(29)

Apply Lemma 2.1 to get the conclusion.

Lemma 2.3.

Let , , and . Then the problem

(210)

has a unique solution , and is in and satisfies

(211)

where .

One sees that depends on only and is bounded near zero.

Proof.

The existence and uniqueness of the solution comes from Theorem 5.3 on page 320 in [25].

As in [22, 23], the solution can be written as

(212)

So,

(213)

By Lemma 2.1, one gets the desired inequality.

Now we show that . As in the proofs of Lemmas 2.1 and 2.3 in [15], one gets . For , with ,

(214)

Note that

(215)

where is a constant and

(216)

So,

(217)

By Lemma 2.1, one has

(218)

where is a constant. Since and are slowly oscillating, the right-hand sides of the inequality above approaches zero as . This means that . The proof is complete.

Consider the following problem.

Problem 1.

Find functionsandsuch that

(219)

(220)

(221)

(222)

One sees that

(223)

(224)

It follows from (2.24) that

(225)

Let , and let . We have the following two additional problems for and , respectively.

Problem 2.

Find functionsandsuch that

(226)

(227)

(228)

(229)

Problem 3.

Find functionsandsuch that

(230)

(231)

(232)

(233)

Lemma 2.4.

Problems 1, 2, and 3 are equivalent to each other.

Proof.

The existence and uniqueness of the solution of Problem 2 can be easily obtained from that of the solution of Problem 1. Conversely, let () be the solution of Problem 2. We show that Problem 1 has a unique solution (). The uniqueness comes from the uniqueness of (2.19)–(2.21). For the existence, let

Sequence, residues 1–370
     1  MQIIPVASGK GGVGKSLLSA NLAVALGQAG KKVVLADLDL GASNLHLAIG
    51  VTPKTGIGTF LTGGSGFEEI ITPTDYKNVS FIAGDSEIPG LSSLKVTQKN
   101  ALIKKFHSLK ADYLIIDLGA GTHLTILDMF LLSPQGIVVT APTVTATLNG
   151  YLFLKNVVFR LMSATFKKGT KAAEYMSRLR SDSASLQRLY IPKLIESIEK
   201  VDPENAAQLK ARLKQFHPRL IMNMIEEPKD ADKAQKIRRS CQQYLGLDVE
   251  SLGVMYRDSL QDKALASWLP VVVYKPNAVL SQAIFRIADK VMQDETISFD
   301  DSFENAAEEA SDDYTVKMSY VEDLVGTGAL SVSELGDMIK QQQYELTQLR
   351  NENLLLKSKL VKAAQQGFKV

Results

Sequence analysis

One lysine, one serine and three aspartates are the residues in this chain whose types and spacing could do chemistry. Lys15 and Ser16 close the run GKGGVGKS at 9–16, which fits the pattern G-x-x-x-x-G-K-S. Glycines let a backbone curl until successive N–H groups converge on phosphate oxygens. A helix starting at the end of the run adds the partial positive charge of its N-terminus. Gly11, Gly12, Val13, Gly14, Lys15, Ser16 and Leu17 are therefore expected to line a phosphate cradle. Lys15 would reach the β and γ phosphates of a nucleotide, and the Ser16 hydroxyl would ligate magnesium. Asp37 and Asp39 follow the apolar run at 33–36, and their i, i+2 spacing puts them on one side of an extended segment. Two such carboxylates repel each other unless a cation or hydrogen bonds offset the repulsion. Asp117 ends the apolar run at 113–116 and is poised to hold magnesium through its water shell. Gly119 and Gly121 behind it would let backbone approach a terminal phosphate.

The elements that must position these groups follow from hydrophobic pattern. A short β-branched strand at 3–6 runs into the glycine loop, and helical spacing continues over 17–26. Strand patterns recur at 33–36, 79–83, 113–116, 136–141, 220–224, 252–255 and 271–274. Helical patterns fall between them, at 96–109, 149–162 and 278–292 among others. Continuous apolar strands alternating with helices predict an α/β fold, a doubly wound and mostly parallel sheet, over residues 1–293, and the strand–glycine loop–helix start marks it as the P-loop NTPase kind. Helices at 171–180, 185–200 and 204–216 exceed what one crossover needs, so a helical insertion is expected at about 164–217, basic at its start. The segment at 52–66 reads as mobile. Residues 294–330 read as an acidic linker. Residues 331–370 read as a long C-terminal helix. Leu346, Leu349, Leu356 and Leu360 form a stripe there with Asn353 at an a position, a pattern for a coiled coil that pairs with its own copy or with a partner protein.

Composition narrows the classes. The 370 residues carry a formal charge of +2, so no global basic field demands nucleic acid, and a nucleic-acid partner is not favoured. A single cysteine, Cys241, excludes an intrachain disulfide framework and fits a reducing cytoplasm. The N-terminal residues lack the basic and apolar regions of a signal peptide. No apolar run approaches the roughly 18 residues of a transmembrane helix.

(234)

Obviously, and satisfies (2.22). Also satisfies (2.21) because . By (2.23) and (2.27), one sees that (2.20) is true. Finally, we show that satisfies (2.19) and therefore, along with , constitutes a solution of Problem 1. In fact,

(235)

Thus, we have shown the equivalence of Problems 1 and 2. Replacing (2.34) by the function

(236)

the equivalence of Problems 2 and 3 can be proved similarly. The proof is complete.

By Lemma 2.4, to solve Problem 1, we only need to solve Problem 3. By (2.30)–(2.32), we have the integral equation about :

(237)

Rewrite (2.33) as

(238)

where is determined by (2.37).

One can directly test that Problem 3 is equivalent to (2.37)-(2.38).

Note that for a given , Lemma 2.3 shows that (2.30)–(2.32) (or equivalently, (2.37)) have a unique solution . Thus, (2.38) does define an operator . Therefore, we only need to show that the integral (2.38) has a unique solution and . That is, has a fixed point in . Let

(239)

Set , where . If , then, by Lemma 2.3, is in , and so, by (2.38), is in with

(240)

Equation (2.37) gives the estimate

(241)

Choose such that when , one has . It follows that

(242)

Choose such that when , one has

(243)

and therefore, .

Let ,. By (2.38), . Note that the function is the solution of the problem

(244)

So, by Lemma 2.3, one has

(245)

Choose such that for , . Now, set . Then is a contraction from into itself, and therefore, has a unique fixed point. Thus, we have shown.

Theorem 2.5.

Let functions , , , and be as above. Then, for small , Problem 3 has a unique solution ( ) in with and .

Let be the solutions of Problem 3 in for the functions , , , and . Set , , , and . For the stability of the solution, we have the following.

Theorem 2.6.

For , one has

(246)

where depends on , , , , , , , and .

Proof.

By (2.33),

(247)

So,

(248)

Note that the function is the solution of the problem

(249)

Using a formula similar to (2.37) and Lemma 2.2 for the function , one gets

(250)

Applying Lemma 2.2 and (2.48), one gets the desired conclusion with

(251)

where

(252)

and is majorant of . One can specially assume that

(253)

The proof is complete.

Corollary 2.7.

Under the conditions in Theorem 2.6, the solution of Problem 3 is unique.

### Acknowledgment

The research is supported by the NSF of China (no. 11071048).